Disruptions from strikes to labor shortages, cancelations, and delays are driving private jet demand in Europe.
According to the latest data from WingX, there were 47,554 charter and fractional private jet flights in Europe over the past four weeks, a 25% increase from 2021.
For the U.K., private jet charter and fractional departures were 90% above last year’s levels over the past month.
This month the operator of London’s Heathrow Airport told airlines to stop selling seats and reduce flights. According to various reports, Amsterdam Schiphol Airport officials told airlines it didn’t have enough baggage handlers. Security lines at airports from Stockholm to Frankfurt stretched for more than three hours.
The result is an increase in demand for the private jet charter market. But it is not all roses.
“We have been inundated with private jet inquiries this summer from people who have had their booked flight disrupted or are unsure about using carriers in the first place due to airport disruption. Earlier this month, we had a client whose commercial flight from Germany to London was canceled; they subsequently booked a private jet with us. It was their first time flying privately, and since then, they have returned to us with further inquiries to fly private again,” Andy Christie, Group Private Jets Director at broker Air Charter Service tells Private Jet Card Comparisons.
Marine Eugene, European Managing Director for Directional’s Flexjet, which sells fractional shares, and PrivateFly, which offers jet cards and on-demand charters, says, “Against the backdrop of so much disruption in the commercial airline sector and with on-demand private charter pricing so volatile, it’s clear that the certainty provided by jet cards and shared ownership is very attractive now, as we enter the summer peak.”
She adds, “All our program sales are very strong, and in the first half of 2022, we saw a 153% increase on our PrivateFly Jet Card sales versus last year, with June our highest sales month to date.”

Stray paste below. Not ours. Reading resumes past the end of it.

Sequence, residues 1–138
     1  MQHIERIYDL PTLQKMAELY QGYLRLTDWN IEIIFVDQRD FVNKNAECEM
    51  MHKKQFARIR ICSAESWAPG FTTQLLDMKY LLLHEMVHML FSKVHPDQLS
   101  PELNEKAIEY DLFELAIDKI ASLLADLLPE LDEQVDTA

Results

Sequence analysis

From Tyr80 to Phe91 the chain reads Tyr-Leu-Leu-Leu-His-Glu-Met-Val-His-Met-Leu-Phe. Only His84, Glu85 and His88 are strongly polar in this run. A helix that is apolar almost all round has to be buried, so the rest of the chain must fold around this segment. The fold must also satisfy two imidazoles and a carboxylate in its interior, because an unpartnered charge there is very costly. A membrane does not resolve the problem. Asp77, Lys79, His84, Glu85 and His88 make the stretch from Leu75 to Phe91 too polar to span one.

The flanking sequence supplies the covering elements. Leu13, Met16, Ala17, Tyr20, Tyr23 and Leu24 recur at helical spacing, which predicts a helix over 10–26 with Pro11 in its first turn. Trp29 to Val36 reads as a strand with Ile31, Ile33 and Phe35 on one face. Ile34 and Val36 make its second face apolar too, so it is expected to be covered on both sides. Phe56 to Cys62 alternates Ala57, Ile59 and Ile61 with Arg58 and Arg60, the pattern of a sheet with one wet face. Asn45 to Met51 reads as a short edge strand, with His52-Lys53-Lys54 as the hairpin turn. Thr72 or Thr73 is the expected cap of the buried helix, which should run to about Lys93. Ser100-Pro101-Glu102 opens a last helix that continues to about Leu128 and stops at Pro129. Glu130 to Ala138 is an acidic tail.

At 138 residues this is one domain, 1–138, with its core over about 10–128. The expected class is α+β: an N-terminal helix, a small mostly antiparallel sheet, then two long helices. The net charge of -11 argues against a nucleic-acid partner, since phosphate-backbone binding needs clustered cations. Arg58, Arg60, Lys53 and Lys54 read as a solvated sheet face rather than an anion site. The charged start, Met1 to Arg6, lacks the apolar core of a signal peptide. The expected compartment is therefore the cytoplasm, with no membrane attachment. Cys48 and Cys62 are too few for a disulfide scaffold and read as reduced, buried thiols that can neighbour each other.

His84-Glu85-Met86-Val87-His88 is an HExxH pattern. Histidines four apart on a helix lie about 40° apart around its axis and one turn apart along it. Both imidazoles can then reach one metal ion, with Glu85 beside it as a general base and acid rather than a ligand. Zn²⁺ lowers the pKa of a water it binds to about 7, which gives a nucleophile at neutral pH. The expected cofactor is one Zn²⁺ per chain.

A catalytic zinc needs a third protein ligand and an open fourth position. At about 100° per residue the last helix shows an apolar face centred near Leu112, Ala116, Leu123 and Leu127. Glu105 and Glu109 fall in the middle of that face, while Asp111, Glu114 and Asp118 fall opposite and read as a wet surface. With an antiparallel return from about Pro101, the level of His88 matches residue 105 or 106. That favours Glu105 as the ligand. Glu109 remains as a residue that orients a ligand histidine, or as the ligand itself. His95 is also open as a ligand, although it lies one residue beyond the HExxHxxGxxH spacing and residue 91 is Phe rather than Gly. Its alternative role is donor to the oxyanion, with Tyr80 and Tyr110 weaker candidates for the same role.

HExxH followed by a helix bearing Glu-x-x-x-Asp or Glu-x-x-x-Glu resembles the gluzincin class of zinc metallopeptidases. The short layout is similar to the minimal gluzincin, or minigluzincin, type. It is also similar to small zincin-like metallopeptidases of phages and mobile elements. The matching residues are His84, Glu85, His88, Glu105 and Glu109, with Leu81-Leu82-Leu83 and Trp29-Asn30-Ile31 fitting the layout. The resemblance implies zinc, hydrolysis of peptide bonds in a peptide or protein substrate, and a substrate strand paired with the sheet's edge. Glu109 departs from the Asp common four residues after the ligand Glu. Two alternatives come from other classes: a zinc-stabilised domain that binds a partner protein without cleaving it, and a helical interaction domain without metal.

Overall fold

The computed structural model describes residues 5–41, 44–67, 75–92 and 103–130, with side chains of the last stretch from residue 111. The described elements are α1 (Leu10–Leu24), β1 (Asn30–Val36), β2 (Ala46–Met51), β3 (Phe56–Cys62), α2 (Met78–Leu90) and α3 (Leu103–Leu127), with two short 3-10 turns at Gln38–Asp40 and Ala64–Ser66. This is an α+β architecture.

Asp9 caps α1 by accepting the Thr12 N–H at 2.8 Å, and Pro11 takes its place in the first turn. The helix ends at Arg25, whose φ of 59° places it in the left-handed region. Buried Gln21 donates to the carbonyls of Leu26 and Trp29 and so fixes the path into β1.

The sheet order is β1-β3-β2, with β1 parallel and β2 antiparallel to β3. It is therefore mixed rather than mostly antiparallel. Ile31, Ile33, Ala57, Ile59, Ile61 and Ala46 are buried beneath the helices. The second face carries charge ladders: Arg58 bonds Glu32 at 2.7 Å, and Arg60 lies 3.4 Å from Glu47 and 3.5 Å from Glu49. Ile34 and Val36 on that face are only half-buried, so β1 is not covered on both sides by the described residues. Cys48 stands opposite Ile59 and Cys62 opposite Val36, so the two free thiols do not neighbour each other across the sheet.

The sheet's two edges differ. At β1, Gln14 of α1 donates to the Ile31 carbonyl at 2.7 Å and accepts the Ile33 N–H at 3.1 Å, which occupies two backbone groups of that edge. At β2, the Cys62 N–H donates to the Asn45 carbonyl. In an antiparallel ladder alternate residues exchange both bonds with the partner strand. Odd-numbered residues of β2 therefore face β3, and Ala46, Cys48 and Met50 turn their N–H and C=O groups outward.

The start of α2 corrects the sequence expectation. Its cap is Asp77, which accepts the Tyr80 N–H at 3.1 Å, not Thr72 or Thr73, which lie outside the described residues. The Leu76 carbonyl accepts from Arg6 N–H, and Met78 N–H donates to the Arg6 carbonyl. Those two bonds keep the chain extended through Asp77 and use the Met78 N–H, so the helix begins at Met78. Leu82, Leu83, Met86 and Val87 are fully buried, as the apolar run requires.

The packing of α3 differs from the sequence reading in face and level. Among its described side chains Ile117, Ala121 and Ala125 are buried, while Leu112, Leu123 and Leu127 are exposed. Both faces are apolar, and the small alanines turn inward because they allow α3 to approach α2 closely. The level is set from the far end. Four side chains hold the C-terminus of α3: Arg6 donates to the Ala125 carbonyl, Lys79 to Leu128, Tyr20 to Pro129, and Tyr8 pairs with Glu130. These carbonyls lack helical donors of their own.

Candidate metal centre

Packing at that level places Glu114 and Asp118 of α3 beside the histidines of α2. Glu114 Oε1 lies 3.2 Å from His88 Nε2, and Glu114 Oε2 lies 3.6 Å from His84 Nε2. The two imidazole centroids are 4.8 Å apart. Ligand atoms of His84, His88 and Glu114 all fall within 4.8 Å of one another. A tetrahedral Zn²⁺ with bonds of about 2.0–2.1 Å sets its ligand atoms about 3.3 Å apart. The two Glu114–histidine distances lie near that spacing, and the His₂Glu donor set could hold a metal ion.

Eymeric Segard, CEO of Geneva, Switzerland-based on-demand charter broker LunaJets, reports a 66% increase.
However, like the airlines, private jet providers also struggle with capacity and supply chain issues.
Christie says, “There has been a well-documented increase in demand with little increase in new aircraft entering the market to cope with the issue, so aircraft supply is being affected.”
He adds in destinations like Mykonos, where there are slot controls, “Customers (are) receiving slots that do not fit perfectly with their preferred schedule.”
Segard says there has been a fuel shortage in Nice. Also, St. Tropez has reduced operating hours, closing at 5:30 pm.
In one case, customers had to fly commercially after their private jet charter was canceled. “We had a Palma departure slot confirmed days in advance but taken back by airport authorities three hours before to allocate to a commercial aircraft. The replacement slot two hours later did not have a correspondent landing slot in Ibiza, and the whole flight was canceled. The furious passenger had to fly commercial; the only solution within the next 24 hours.”
Segard says people who call when their commercial flights are canceled are often surprised there is no availability for private jets until the next day.
What’s more, he says on-demand charter rates are now 30-50% higher than last year.
At NetJets, the world’s largest private jet operator, its President, Patrick Gallagher, says more of its fractional owners are flying transAtlantic privately. “We are seeing record demand from U.S. customers traveling to and from Europe this year due to pent-up demand,” he notes.
Segard puts it this way: “Business is booming, but not in the right way. Clients are paying more for a worse service. It is frustrating for them, us, and operators.”
He calls the current situation “Not good for the industry in general.”
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